Flexible thinking plays a critical role in learning across a number of domains, such as Mathematics and English Language Arts. It allows children to adapt from one learning context to the next with ease and shift their focus and attention to new tasks when asked.
The development of flexible thinking skills leads to the ability to:
*Use of effective problem solving skills
*Understand abstract concepts
*Take on new tasks and responsibilities
*Take others perspectives
|Looking Ahead to Kindergarten||Family Engagement||Special Populations|
|Flexible thinking is a key component of developing a growth mindset. The development of flexible thinking skills during play will support kindergarten students in:
*Applying conflict management skills (SEL Competency 4C)
|Encourage families to:
*Support children in using materials in ways other than designed (e.g. using pots and pans as drums).
*Provide a flexible learning environment where things are presented and learned in a variety of ways and for many purposes (i.e. differentiated instruction).
|Across all developmental stages, educators can:
*Give children the time to resolve difficulties and solve problems independently (e.g. educator pauses and observes before assisting a child with a puzzle by asking questions like, “This has a side that looks like a straight line. Where do you think that fits?”).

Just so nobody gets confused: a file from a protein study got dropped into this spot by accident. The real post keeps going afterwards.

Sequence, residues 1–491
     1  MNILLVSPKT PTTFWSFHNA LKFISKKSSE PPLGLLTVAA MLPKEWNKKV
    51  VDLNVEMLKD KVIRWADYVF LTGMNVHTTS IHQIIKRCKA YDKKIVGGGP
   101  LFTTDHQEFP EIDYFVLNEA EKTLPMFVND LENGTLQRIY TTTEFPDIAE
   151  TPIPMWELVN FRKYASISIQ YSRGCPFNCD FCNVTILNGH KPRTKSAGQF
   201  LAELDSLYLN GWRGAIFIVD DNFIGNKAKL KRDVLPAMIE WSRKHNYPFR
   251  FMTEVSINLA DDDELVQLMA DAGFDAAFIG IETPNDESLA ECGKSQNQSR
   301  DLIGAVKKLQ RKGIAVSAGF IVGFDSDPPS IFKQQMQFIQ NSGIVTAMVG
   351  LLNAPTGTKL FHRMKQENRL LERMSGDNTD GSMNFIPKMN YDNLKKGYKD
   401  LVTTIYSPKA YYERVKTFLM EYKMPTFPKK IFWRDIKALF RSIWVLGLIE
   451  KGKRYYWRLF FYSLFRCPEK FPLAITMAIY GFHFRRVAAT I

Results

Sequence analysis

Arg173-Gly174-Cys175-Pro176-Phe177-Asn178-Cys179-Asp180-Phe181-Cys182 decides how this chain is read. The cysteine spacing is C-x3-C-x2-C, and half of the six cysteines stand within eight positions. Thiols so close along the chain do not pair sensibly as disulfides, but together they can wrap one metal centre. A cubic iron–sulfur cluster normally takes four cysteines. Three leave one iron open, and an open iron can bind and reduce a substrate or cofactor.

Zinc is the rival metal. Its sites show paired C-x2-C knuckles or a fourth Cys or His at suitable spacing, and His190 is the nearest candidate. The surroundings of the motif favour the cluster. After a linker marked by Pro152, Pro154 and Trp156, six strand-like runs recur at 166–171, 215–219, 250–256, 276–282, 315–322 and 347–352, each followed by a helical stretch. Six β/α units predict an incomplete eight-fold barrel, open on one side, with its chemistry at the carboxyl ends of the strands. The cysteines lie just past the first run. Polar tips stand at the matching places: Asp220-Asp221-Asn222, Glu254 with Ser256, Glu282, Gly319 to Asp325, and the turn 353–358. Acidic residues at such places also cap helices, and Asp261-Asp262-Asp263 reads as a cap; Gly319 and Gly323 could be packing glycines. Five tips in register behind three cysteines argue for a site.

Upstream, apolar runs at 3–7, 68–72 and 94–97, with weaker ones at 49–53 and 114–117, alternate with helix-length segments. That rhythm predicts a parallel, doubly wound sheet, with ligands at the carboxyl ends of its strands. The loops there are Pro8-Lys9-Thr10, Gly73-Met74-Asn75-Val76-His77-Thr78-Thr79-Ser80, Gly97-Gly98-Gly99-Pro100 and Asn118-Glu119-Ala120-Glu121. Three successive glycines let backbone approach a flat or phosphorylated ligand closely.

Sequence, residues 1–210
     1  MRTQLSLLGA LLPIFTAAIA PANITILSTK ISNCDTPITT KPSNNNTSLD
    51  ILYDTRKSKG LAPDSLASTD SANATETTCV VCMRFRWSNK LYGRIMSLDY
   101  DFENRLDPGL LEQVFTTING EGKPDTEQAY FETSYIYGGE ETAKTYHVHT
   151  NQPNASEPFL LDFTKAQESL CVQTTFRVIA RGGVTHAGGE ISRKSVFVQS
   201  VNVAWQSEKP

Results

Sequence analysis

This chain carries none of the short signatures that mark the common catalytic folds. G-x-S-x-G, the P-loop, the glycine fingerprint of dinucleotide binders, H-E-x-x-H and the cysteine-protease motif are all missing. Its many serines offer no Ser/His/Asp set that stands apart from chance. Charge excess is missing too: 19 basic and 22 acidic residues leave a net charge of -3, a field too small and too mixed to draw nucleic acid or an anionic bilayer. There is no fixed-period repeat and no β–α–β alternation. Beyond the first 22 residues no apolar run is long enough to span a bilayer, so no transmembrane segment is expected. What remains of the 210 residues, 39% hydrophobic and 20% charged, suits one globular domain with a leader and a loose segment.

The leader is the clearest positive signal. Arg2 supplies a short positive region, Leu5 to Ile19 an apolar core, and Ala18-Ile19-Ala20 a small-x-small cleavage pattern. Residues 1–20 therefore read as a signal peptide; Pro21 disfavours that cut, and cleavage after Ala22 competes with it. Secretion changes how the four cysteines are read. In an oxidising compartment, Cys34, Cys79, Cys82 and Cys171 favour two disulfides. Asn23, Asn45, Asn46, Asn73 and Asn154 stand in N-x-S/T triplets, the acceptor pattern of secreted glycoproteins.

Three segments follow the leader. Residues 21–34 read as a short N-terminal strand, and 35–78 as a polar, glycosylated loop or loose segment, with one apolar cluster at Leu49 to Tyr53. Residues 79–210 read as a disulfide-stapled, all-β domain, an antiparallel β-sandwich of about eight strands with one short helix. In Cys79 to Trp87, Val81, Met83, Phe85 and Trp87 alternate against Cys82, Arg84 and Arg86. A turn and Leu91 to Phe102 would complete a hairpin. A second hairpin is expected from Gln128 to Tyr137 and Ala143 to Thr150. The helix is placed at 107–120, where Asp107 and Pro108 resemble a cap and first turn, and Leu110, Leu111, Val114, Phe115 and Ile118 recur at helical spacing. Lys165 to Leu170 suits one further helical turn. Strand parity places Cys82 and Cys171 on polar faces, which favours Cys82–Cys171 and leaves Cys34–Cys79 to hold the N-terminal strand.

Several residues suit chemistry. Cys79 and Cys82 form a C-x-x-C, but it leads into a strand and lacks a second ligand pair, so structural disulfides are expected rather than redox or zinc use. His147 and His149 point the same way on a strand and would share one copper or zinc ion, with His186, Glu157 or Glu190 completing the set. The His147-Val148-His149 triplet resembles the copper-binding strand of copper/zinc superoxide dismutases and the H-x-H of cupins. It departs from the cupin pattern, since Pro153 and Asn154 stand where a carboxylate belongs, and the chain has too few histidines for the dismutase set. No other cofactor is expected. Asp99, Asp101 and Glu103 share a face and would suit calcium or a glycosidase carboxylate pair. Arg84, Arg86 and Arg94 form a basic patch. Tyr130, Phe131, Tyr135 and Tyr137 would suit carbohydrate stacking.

Provide environments that allow for safe exploration of objects
Model verbal and nonverbal communication (e.g. waving, shaking head yes or no)
Model play by stacking blocks, shaking a rattle, or putting together a puzzle and watch as infant attempts to mimic or imitate your play
|Provide open ended materials and encourage children to explore those materials how they choose; model a variety of uses (e.g. block represents phone)
Model a variety of approaches to problem solving, depending on the child's individual needs
|Encourage the use of open ended materials (e.g. chairs represent a train)
Model a variety of approaches to problem solving depending on the child's individual needs
Follow the child’s lead in how and what they choose to play with (e.g. including taking materials from one center to another, pretending with common objects, etc.)
|Support the use of open ended materials to promote problem solving (e.g. child cannot see out of the window, uses sturdy materials to create a platform to stand on in order to solve the problem)
Provide children with multiple options to solve a problem using visual and verbal cues
Help the child to develop coping skills when in a group setting (e.g. negotiate to develop a plan, compromise, and follow through on plan)
|Encourage the use of open ended materials to promote problem solving (e.g. cardboard box represents computer)
Encourage children to attempt a variety of approaches to solve a problem
Help children to develop coping skills when in a group setting (e.g. negotiate to develop a plan, compromise, and follow through on plan)
Encourage children to use available materials across learning centers (e.g. bringing dramatic play items to the building center)